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Introduction to our workshops on metrics for customer centricity

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Introduction to our workshops on metrics for customer centricity

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Why and how to create metrics that introduce customer-centricity as a real strategic theme. Measuring value for customers in terms that are both relevant for customers and for businesses.

Why and how to create metrics that introduce customer-centricity as a real strategic theme. Measuring value for customers in terms that are both relevant for customers and for businesses.

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Introduction to our workshops on metrics for customer centricity

  1. 1. Itziar Pobes & Silvia Calvet RELEVANT METRICS FOR YOUR STRATEGIC DECISIONS
  2. 2. AGENDA OF THIS TALK Hi! Metrics about value for customers 
 [Theory & little practice] Your waste projects 
 [I worked for 7 years with the waste management authority in Barcelona]
  3. 3. A SIDE PROJECT THAT GREW BIG HOW DO DIGITAL BUSINESSES MEASURE THE VALUE THEY DELIVER? HOW CAN A SERVICE PERSPECTIVE PUSH TOWARDS REAL CUSTOMER CENTRICITY? WORKSHOP WITH ROSENFELD MEDIA
  4. 4. “THIS THING WE HAVE GOING FEELS SO SHALLOW AND STALE. I’D LIKE TO GO DEEPER, EXPLORE NEW THINGS, AND MAKE FRESH CONNECTIONS. REALLY FIGURE OUT WHAT MATTERS, YOU KNOW? YOU’RE SO HYPER- FOCUSED ON MONEY, AND THE BOTTOM LINE, AND... I GET IT, I REALLY DO. WE ALL HAVE TO PAY THE BILLS. BUT DON’T YOU THINK THERE’S MORE TO LIFE? I DO” SARAH MASON
  5. 5. CUSTOMER CENTRICITY IS VOID Three realizations STRATEGY IS DEFINED BY METRICS DESIGNERS DON’T SPEAK METRICS Full of sound and fury, but it doesn’t reach strategy Metrics about value for customers are poor, if you’re lucky Their knowledge is lost in translation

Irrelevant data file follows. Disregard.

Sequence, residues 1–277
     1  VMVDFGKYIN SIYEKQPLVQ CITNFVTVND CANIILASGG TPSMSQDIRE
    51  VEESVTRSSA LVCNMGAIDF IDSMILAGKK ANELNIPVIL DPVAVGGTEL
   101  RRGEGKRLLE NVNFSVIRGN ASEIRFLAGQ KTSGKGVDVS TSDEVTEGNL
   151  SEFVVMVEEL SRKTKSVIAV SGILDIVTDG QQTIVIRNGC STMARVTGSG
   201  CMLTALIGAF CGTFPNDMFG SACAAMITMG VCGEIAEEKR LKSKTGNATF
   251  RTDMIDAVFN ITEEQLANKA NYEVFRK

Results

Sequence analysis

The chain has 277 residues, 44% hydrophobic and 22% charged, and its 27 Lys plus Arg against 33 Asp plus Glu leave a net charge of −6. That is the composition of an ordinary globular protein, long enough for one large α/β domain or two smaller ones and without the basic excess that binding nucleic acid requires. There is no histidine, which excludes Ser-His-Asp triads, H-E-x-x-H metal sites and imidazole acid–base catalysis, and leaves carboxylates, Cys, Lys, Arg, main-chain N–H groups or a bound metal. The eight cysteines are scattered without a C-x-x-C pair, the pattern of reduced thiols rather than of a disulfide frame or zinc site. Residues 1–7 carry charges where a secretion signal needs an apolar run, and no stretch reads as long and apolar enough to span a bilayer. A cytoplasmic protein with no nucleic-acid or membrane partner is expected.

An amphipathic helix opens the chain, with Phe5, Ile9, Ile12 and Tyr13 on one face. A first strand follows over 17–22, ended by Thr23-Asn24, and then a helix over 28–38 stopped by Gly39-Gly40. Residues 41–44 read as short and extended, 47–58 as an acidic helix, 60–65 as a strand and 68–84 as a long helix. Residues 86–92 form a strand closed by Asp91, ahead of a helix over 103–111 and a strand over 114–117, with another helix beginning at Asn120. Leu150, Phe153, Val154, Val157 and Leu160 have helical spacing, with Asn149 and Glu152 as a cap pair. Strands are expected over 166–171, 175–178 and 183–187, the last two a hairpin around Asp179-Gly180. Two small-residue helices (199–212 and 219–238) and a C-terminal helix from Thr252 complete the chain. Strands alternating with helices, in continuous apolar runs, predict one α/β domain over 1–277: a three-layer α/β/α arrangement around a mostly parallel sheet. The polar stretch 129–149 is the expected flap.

6. 6. METRICS SUFFER 3 KEY BIASES STRATEGY IS BASED ON & DEFINED BY METRICS Picture by Juli Kosolapova SET BY MANAGEMENT
  7. 7. THE SELECTION OF PERFORMANCE METRICS IS BASED ON POWER Instead of accurately reflecting how the organization, its customers and and its context actually work Bias 1
  8. 8. ORGANIZATIONS ONLY CONSIDER ‘VALUE’ —AND MEASURE— WHAT THEY DELIVER While they forget the value that customers actively co-create Bias 2
  9. 9. ORGANIZATIONS TRUST FACTUAL AND QUANTITATIVE KNOWLEDGE But they don’t fully understand or know how to use qualitative insights —meaning Bias 3
  10. 10. THEY REPEAT AT EVERY LEVEL THOSE BIASES ARE FRACTAL Picture by Nathalia Gómez
  11. 11. YOU CAN’T CONFRONT THEM DIRECTLY BUT YOU CAN INTRODUCE A TROJAN HORSE Picture by Adam Jones METRICS ABOUT VALUE FOR CUSTOMERS
  12. 12. CURRENT LOGIC: VALUE CHAIN WAREHOUSE FACTORY SUPPLIERS SHOP CONSUMER THE VALUE IS CREATED BY 'THE COMPANY'... AND THE CUSTOMER DESTROYS IT! Icons by: Itim2101, Freepik & Monkik. 
 Humaaans by Pablo Stanley VALUE-IN-EXCHANGE
  13. 13. VALUE CO-CREATION VALUE IS CREATED IN INTERACTIONS Humaaans by Pablo Stanley VALUE-IN-USE OR BEYOND
  14. 14. Value Creation Spheres by Grönroos and Voima, 2013 Iconos de Freepik and Geotatah. Humaans by Pablo Stanley WHERE IS VALUE CREATED? + THE CLIENT 
 CREATES VALUE